Thursday, 23 June 2011

Knit yourself a holiday

Yes, I know it seems like we've gone knitting mad on the blog recently but we just wanted to mention this knitting competition  from the sunny Channel Island of Guernsey.

Everybody's heard of the Guernsey sweater. Designed originally to keep sailors warm they've enjoyed wide fashion status over the years (and they still look rather cool with jeans and espadrilles).

In days gone by each family on the island would have its own unique pattern that was passed down through the generations by word of mouth. But the Second World War and evacuation meant that many of these oral histories began to die out.

The competition is encouraging knitters to... re-interpret the original garment, how the family patterns might have looked, or would look today if the tradition had continued and evolved.

The winner will receive an trip for two to Guernsey. The winning design will also be published in a leading UK knitting magazine.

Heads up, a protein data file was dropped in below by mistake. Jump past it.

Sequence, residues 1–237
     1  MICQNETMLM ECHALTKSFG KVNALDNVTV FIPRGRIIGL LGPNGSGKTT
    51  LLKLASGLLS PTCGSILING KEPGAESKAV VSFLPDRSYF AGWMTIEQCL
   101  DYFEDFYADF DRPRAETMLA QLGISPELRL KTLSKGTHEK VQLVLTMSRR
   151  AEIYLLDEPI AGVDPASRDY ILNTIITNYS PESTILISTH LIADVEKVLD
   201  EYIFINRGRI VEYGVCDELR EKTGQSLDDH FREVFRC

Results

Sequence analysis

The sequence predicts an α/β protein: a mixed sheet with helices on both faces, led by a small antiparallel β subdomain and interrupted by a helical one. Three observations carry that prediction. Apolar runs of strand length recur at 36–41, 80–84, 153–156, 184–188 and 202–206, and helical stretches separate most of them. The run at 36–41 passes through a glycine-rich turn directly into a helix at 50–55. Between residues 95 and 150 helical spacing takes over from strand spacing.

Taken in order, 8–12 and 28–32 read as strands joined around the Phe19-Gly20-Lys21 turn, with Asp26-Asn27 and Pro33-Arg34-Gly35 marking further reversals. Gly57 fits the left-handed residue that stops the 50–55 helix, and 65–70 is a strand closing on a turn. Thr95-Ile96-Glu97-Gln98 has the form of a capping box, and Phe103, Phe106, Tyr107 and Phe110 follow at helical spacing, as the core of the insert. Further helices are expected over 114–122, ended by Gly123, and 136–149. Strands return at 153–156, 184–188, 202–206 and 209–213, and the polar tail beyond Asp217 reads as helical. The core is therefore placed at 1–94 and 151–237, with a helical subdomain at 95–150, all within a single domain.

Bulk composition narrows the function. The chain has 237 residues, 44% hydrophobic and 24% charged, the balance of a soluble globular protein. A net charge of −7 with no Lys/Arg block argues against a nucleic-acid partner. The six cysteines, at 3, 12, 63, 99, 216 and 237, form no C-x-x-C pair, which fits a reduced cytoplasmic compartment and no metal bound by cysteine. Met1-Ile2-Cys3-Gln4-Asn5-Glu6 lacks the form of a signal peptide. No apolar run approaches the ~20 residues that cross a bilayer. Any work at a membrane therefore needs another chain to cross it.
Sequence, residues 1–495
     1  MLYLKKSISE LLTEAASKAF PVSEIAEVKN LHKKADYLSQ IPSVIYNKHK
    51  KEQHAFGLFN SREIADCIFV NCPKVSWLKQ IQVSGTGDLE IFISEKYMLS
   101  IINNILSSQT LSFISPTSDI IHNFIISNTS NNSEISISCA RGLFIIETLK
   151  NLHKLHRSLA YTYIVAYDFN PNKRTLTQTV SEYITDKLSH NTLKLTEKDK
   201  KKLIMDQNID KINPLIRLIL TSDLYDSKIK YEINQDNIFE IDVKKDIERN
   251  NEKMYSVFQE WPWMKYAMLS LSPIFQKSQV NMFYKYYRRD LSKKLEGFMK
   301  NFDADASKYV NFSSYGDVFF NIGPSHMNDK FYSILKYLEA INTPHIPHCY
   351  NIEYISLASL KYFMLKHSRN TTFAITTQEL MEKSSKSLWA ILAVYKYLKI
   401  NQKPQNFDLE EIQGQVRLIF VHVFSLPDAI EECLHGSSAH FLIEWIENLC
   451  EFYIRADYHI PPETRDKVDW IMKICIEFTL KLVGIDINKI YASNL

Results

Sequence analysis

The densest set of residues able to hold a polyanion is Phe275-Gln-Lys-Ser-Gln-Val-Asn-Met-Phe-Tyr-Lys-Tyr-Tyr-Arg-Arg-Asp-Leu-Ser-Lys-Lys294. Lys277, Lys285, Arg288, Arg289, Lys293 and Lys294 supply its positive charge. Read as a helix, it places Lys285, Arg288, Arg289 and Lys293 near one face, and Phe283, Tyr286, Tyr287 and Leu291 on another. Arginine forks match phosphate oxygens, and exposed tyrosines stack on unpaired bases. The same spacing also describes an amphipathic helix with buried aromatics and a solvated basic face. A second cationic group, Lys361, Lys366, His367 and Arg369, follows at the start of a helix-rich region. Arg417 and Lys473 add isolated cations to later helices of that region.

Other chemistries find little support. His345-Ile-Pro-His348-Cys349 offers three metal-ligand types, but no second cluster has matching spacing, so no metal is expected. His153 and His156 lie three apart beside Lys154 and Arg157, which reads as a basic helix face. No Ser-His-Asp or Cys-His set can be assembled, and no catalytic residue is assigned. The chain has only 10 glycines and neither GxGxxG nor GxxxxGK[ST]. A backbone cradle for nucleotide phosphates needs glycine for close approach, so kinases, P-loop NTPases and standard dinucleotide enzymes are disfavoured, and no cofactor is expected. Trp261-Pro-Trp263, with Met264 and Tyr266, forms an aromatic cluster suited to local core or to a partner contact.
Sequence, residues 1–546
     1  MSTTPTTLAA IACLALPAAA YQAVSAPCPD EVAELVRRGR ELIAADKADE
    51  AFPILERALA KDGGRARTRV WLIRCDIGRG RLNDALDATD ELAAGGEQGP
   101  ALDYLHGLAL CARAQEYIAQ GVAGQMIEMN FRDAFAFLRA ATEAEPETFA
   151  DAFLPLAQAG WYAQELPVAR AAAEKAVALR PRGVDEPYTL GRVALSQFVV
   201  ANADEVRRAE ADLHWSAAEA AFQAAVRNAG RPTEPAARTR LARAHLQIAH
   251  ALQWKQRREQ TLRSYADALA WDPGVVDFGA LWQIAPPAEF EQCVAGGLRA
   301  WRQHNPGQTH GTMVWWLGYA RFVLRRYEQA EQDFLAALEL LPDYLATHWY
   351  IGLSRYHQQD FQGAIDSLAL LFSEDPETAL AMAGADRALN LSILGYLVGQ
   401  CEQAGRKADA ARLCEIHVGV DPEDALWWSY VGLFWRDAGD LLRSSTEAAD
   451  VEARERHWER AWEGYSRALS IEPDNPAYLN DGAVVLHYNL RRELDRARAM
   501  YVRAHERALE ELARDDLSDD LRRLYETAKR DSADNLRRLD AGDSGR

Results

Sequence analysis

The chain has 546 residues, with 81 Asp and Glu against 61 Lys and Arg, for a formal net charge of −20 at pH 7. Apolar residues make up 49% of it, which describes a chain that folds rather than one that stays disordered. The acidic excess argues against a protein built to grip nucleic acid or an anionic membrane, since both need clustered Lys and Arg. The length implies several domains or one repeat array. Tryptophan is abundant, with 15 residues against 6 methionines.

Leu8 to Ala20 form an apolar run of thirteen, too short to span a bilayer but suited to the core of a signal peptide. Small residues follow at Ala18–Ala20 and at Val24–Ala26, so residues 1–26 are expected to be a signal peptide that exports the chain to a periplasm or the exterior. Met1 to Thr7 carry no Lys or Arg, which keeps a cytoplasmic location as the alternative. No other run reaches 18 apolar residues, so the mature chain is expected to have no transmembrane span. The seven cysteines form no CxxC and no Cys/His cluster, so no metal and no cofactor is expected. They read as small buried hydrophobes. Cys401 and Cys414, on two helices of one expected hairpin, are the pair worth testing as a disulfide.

To maintain the Guernsey tradition competition entries should try and incorporate the following features in their designs, drawings or patterns:
• inclusion of the traditional box shape
• British [or Guernsey] wool - four or five ply
• pattern designs for size 10-12.

Designs can be uploaded to the Visit Guernsey facebook page

Guernseys are made of single colour worsted yarn, usually four or five ply, tightly knit using fine needles [as small as size 13 or 14].

The sweater was originally knitted in the round, with a purl stitch to mark the side seam. Patterns are made up of simple knit/ purl combinations, the most elaborate of which would have covered the top half of the body and arms.

Patterns on Tudor knitted stockings produced in Guernsey had names such as Turk’s Head, and Peacock’s Tail, which may have also been used on jumper designs. Jumpers have a boxy shape which means that they can be worn both ways; front and back (originally to prolong life-span).

Other common features include a funnel neck, triangular inserts under the arms and at the neck edge, and side splits in the hem for ease of movement.

Get your needles out.